According to F.S. §688.002(4), the phrase “trade secret” means information, including a formula, pattern, compilation, program, device, method, technique, or process that:
a) Derives independent economic value, actual or potential, from not being generally known to, and not being readily ascertainable by proper means by other persons who can obtain economic value from its disclosure or use; and
b) Is the subject of efforts that are reasonable under the circumstances to maintain its secrecy.
Even more, an injunction cannot be granted upon mere allegation of the employee’s “use” of “specific trade secrets.” The presumption of irreparable injury, and thus the enjoinability of the employee’s conduct, attaches only after the employer has proved the use of specific trade secrets. Lovell Farms v. Levy, 641 So. 2d 103, 105 (Fla. 3d DCA 1994).
In most cases, trade secret litigation is factually intensive, turning on the question of whether the employee did or did not take trade secrets from a former employer. This conflict can be unbearably suspenseful and produce unpredictable results. The better approach is to address the legal issues of whether the subject information qualifies as a trade secret, whether the employer has waived its entitlement to protection of the trade secret and whether the employee has used the trade secret.
The expansion of the Internet has given access to information that was previously unavailable. Vendors of custom-tailored customer lists are easily accessible by the computer-owning general public,a situation without historical precedent. The availability of these lists has a direct impact on whether a particular company’s customer lists are trade secrets or are in the public domain. Generally, when a company is engaged in business as a manufacturer or wholesaler dealing primarily with retail merchants or jobbers, or sells to members of a readily ascertainable class, the employee’s knowledge of the names of the former employer’s customers is not a “trade secret.” Renpak, Inc. v. Oppenheimer, 104 So. 2d 642 (Fla. 2d DCA 1958)
Therefore, if a list of customers can be obtained in the open market that can produce a list similar to that sought to be protected by the prosecuting employer, the customer list should not qualify as a trade secret under Florida law. In Thomas v. Alloy Fasteners, Inc., 664 So. 2d 59, 60 (Fla. 5th DCA 1995), the employee developed customer lists by “telemarketing, phones, making calls …. You get a list, and start making cold calls, and see what the people need for supplies.” The court stated that: There is nothing magical or secret about this method. The names are available from public sources and there was no secret as to the class of likely customers. Renpak, Inc. v. Oppenheimer, 104 So. 2d 642 (Fla. 2d DCA. 1958)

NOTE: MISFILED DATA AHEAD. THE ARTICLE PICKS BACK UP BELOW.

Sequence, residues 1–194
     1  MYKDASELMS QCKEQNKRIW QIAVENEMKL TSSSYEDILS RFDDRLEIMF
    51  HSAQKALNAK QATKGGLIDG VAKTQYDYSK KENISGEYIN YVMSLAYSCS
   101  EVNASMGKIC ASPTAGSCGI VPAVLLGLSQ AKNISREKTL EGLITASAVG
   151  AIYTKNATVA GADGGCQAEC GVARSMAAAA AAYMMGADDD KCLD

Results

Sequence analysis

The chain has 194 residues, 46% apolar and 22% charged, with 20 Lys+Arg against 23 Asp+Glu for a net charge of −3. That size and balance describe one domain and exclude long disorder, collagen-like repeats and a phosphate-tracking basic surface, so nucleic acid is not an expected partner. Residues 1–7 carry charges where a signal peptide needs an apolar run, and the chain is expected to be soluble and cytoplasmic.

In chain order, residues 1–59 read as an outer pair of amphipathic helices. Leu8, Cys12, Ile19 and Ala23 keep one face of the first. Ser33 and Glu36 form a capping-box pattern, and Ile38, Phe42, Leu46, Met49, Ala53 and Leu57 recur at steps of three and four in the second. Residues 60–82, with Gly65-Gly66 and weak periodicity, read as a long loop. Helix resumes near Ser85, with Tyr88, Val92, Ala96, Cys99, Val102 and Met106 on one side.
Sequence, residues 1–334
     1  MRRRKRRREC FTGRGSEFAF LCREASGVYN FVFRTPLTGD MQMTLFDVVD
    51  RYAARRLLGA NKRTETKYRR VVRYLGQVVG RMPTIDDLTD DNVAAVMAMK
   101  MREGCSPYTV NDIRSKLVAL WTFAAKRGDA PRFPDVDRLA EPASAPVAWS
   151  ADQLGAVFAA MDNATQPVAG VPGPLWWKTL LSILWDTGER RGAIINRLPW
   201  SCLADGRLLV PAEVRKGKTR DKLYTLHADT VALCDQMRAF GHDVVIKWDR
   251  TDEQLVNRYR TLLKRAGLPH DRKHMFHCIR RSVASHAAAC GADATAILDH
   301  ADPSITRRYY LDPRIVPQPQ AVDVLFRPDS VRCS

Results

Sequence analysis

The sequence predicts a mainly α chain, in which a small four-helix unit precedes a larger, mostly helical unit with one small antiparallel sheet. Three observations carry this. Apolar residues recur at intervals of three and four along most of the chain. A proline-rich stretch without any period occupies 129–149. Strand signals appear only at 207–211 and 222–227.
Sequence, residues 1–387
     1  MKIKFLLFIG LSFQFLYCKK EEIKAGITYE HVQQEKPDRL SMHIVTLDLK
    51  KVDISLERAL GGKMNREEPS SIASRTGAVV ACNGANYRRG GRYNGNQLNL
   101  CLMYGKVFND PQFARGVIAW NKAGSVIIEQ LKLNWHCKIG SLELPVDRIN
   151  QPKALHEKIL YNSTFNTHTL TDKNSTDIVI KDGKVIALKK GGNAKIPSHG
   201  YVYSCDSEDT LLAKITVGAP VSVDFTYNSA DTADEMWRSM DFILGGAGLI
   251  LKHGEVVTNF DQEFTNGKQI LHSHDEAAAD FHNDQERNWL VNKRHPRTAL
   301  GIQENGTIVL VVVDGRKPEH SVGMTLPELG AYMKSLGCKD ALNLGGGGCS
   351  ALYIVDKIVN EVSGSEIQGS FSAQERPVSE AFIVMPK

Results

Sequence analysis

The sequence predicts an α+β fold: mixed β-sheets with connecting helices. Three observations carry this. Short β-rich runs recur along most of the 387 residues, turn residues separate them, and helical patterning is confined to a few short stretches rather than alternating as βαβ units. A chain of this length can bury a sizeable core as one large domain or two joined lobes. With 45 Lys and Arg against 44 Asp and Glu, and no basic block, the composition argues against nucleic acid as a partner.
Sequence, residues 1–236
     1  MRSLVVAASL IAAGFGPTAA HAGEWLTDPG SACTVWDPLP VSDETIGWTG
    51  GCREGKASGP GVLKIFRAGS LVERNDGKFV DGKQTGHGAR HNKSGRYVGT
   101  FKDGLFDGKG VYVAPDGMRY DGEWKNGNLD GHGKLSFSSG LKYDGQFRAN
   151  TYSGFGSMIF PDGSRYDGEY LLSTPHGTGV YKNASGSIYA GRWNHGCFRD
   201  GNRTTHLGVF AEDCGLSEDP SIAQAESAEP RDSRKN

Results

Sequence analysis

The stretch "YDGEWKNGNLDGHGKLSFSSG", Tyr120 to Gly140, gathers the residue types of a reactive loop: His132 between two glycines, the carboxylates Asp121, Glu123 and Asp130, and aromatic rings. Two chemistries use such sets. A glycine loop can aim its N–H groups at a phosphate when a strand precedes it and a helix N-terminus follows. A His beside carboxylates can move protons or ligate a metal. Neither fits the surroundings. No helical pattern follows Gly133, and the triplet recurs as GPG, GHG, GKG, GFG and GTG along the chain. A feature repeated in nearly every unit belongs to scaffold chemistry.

Customer lists may not qualify as trade secrets unless the employer presents evidence that they are the product of great expense or effort, that they are distillations of larger lists, or that they include information not available from public sources. See Pure Foods, Inc. v. Sir Sirloin, Inc., 84 So. 2d 51 (Fla.1955); Harry G. Blackstone, D.O., P.A. v. Dade City Osteopathic Clinic, 511 So. 2d 1050 (Fla. 2d DCA 1987), review denied, 523 So. 2d 576 (Fla.1988); Renpak, Inc. v. Oppenheimer, 104 So. 2d 642 (Fla. 2d DCA 1958). See also Zodiac Records, Inc. v. Choice Envtl. Servs., LLC, 112 So. 3d 587, 590 (Fla. 4th DCA 2013) “We note that a former employer’s customer relationships do not automatically qualify as trade secrets, even if a party’s restrictive covenant attempts to characterize them as such. East v. Aqua Gaming, 805 So. 2d 932, 934 (Fla. 2d DCA 2001). To qualify as a trade secret, there must be evidence that a customer list “was the product of great expense and effort, that it included information that was confidential and not available from public sources, and that it was distilled from larger lists of potential customers into a list of viable customers for [a] unique business.” Id.”
If the information on the lists is easy to obtain merely by looking at the advertisements, magazine, periodicals, in addition to many other sources, local newspapers and the yellow pages, they will not qualify as trade secrets. Templeton v. Creative Loafing Tampa, 552 So. 2d 288 (Fla. 2d DCA 1989).
The plaintiff must demonstrate both that the specific information it seeks to protect is secret and that it has taken reasonable steps to protect that secrecy. Id. However, if the information the plaintiff seeks to protect is generally known or readily accessible to third parties, it cannot qualify as a “trade secret.” See Id.
The Court’s determination that the information Plaintiffs seek to protect is “confidential” for purposes of its breach of contract claim does not require a finding that the same information is a “trade secret.” See Roboserve, LTD. v. Tom’s Foods, Inc., 940 F.2d 1441, 1456 (11th Cir. 1991) (“[A]n item may be considered confidential in the context of a business relationship without rising to the level of a trade secret.”) (applying Georgia law). Godwin Pumps of Am., Inc. v. Ramer, 2012 U.S. Dist. LEXIS 46710 (M.D. Fla. Apr. 3, 2012) See also, Templeton v. Creative Loafing Tampa, Inc., 552 So. 2d 288 (Fla. 2d DCA 1989)(customer list not a trade secret because could be derived from public publications). See also Public Systems, Inc. v. Towry, 587 So. 2d 969, 972 (Ala. 1991) (spreadsheet data program not a trade secret because data compiled from government information generally available to public).